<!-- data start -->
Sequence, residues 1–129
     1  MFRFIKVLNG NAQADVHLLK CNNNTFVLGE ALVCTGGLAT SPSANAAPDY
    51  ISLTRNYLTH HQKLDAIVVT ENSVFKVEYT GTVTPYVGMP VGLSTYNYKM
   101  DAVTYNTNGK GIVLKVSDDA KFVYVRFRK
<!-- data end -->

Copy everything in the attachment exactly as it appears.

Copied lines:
Sequence, residues 1–129
     1  MFRFIKVLNG NAQADVHLLK CNNNTFVLGE ALVCTGGLAT SPSANAAPDY
    51  ISLTRNYLTH HQKLDAIVVT ENSVFKVEYT GTVTPYVGMP VGLSTYNYKM
   101  DAVTYNTNGK GIVLKVSDDA KFVYVRFRK